De Jaeger - "I am burnt out in every definition of that word, every aspect of that word," he said. "I make it one day at a time." : LUSENET : TimeBomb 2000 (Y2000) : One Thread

". . . And so, about 18 months ago, the world decided that Mr. de Jager, 44, was worth listening to. Last year, he left his home in Brampton, Ont., for 80 speaking engagements (at $7,500 a pop).

His Web site devoted to the Year 2000 (Y2K) problem gets more than a half-million visitors a month, he receives 200 E-mails a day, and has published dozens of articles and books.

In short, he has become famous and wealthy. And now, he can't wait for it all to end.

"This thing has become an obsession, and if someone uses that in the clinical sense, it doesn't bother me because I think it's true," he said. "This is a seven-days-a-week, 24-hours-a-day job. I never stop thinking about this, and getting away is very, very difficult."

The pressure he feels as Jan. 1 approaches is compounded by controversy -- the fact that Y2K vigilantes now accuse him of letting down the side. Once branded a "dread merchant" (his words), he is now labelled a fraud for suggesting that the problem won't be as bad as some people think.

Statistics Canada released a report yesterday that appears to confirm his sunnier prognosis, but Mr. de Jager now describes himself as "a walking human cinder."

He complains that his weight is up and he is subject to mood swings. He says he is taking more and more time off.

"I am burnt out in every definition of that word, every aspect of that word," he said. "I make it one day at a time." . . . .

Mr. de Jager is among a smaller group of about a dozen who command widespread respect for thoroughly investigating the phenomenon and for not ringing alarm bells unnecessarily.

"Peter deserves a lot of credit for pioneering in the Y2K domain," said Capers Jones, who writes about the bug and is chairman of Software Productivity Research Inc. in Burlington, Mass.

Few paid attention at first to his warning in 1993 that the world was "accelerating toward disaster." It is a measure of the primitive state of the discussion that Mr. de Jager had no trouble claiming as the address when he started his Web site in 1995.

Now, he feels that the corner was turned some time in 1997. By then the financial and telecommunications industries were well on their way to dealing with their software, and other organizations -- even governments -- were starting to move.

By the end of last year, Mr. de Jager had concluded that the back of the problem had been broken. And that's when the trouble really started.

A few weeks ago, he posted on his Web site an article, titled Doomsday Avoided, in which he said that catastrophy scenarios were no longer apt. He explained that he had long since stopped worrying about the financial industry -- "my money will remain in the bank" -- and that he expected no disruption of telecommunications service.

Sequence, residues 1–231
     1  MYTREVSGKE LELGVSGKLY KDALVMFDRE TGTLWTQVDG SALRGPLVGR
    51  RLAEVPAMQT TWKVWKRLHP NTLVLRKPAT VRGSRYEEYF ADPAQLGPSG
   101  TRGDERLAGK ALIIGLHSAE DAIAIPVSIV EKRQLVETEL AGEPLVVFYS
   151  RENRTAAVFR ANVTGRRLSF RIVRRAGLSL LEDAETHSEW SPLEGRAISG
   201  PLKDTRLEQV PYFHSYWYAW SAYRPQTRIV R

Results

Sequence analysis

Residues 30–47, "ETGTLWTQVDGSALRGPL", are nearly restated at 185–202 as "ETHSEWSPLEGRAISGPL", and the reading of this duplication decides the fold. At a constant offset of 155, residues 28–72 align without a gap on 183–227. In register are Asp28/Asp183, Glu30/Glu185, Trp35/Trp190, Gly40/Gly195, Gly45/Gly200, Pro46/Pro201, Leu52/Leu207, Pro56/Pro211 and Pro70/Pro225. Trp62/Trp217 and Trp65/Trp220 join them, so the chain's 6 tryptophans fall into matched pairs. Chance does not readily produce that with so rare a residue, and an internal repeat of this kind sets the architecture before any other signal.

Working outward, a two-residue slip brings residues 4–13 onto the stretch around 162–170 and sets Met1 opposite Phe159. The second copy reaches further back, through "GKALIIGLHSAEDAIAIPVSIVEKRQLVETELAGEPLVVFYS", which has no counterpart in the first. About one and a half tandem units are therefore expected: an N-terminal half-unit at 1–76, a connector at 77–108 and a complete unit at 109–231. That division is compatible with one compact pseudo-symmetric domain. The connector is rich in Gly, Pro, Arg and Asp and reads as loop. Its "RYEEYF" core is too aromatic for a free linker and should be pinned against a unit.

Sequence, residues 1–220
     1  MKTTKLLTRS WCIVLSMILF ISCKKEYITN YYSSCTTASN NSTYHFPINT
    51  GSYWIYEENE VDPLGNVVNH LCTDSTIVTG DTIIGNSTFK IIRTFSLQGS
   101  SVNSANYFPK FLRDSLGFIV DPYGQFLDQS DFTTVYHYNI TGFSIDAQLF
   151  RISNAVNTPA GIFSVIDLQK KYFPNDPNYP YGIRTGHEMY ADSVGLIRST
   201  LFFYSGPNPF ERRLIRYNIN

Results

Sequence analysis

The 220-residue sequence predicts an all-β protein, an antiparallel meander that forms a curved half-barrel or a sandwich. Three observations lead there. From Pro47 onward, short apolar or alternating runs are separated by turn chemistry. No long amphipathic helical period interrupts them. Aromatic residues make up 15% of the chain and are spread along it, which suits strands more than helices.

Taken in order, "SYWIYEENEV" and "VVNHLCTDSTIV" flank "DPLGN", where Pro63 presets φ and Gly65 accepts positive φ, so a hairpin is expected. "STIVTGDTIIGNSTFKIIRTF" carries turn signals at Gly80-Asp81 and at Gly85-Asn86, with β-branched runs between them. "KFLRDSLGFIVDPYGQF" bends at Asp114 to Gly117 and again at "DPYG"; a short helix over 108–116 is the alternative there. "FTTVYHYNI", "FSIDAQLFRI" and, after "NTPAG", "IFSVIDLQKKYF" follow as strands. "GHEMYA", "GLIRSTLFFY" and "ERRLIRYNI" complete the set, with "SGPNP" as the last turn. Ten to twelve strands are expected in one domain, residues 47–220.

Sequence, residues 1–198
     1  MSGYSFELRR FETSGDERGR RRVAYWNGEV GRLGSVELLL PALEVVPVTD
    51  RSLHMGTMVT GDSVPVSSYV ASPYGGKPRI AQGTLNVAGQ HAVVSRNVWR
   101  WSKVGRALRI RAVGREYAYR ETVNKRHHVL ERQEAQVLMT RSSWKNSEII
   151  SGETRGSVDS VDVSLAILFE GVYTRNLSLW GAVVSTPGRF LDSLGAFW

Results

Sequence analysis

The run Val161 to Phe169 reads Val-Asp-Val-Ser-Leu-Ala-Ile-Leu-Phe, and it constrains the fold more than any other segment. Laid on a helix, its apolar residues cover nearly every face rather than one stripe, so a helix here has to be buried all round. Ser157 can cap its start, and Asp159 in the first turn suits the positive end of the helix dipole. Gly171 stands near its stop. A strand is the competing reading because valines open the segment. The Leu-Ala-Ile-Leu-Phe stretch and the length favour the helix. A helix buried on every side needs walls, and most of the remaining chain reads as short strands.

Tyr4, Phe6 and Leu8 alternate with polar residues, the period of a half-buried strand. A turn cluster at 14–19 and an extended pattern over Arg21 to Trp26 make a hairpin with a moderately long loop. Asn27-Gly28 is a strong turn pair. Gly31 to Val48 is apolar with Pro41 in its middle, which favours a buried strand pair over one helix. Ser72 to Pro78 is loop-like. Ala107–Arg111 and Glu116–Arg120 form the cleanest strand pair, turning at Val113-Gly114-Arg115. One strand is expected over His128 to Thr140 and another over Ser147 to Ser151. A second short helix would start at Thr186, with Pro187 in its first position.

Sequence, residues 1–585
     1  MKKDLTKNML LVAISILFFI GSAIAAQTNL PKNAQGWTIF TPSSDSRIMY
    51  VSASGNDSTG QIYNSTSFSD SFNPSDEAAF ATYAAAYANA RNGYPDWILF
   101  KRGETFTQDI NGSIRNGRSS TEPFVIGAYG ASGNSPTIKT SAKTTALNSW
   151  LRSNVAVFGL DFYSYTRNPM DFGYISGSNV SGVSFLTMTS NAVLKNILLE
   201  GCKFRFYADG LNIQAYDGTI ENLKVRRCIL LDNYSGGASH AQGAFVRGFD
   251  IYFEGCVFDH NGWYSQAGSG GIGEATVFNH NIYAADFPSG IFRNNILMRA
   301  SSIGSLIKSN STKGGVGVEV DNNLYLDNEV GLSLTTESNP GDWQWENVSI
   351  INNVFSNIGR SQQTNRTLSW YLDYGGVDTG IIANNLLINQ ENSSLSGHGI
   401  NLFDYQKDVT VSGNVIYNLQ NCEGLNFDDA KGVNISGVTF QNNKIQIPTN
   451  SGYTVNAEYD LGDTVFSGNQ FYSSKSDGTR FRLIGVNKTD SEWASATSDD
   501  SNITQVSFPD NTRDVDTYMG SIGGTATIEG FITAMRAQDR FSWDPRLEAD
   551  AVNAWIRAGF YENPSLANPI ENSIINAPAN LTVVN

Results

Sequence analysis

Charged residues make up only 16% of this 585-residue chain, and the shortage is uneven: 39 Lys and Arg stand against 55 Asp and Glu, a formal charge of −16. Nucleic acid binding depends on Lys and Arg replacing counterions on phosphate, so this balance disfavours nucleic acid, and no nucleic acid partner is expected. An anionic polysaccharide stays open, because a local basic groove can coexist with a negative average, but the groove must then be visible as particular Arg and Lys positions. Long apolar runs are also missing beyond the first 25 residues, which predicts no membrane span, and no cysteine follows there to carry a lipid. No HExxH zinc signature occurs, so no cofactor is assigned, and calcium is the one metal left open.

He expressed concern about the power industry, but he concluded that although the problem had not been solved, "we have avoided the doomsday scenarios."

There were, as he puts it, a few dissenting voices.

Paul Barker, editor of Computing Canada magazine, was astounded. "Much of the content is questionable and the timing is all wrong," he wrote in an editorial.

Fellow Y2K analysts were irritated. "Peter has swung all the way from a doomsday scenario, which probably didn't exist in the first place, to an everything-is-fine scenario, which certainly doesn't exist now," said William Ulrich, president of Tactical Strategy Group of Sequoia, Calif., another Y2K expert.

"Of all people, Peter de Jager shouldn't be swinging on a pendulum. He should be balanced somewhere in the middle, giving credible information."

Joe Boivin, Mr. de Jager's closest rival as a Y2K prophet in Canada, said the recent comments reflect a narrow Canadian perspective. "Peter may have done himself a big disservice because his credibility has been challenged," said the 20-year veteran of the computer industry who left the Canadian Imperial Bank of Commerce to start a Web site devoted to the Y2K issue.

Mr. Boivin (whom Mr. de Jager dismisses as a "minor player") agrees that there is nothing to support the looming-apocalypse notion for Canada. But he believes that problems overseas could cause riots and that the consequences of this turmoil could roll into Canada by April. . . .

Now, what's his bottom line? "I don't know what's going to happen. I know that we run a huge risk because we're dependent on computer systems and they were broke and we've done our best to fix them, but we don't know if we're going to get it all."

He professes to be weary of the whole debate with "conspiracy theorists posing as computer consultants."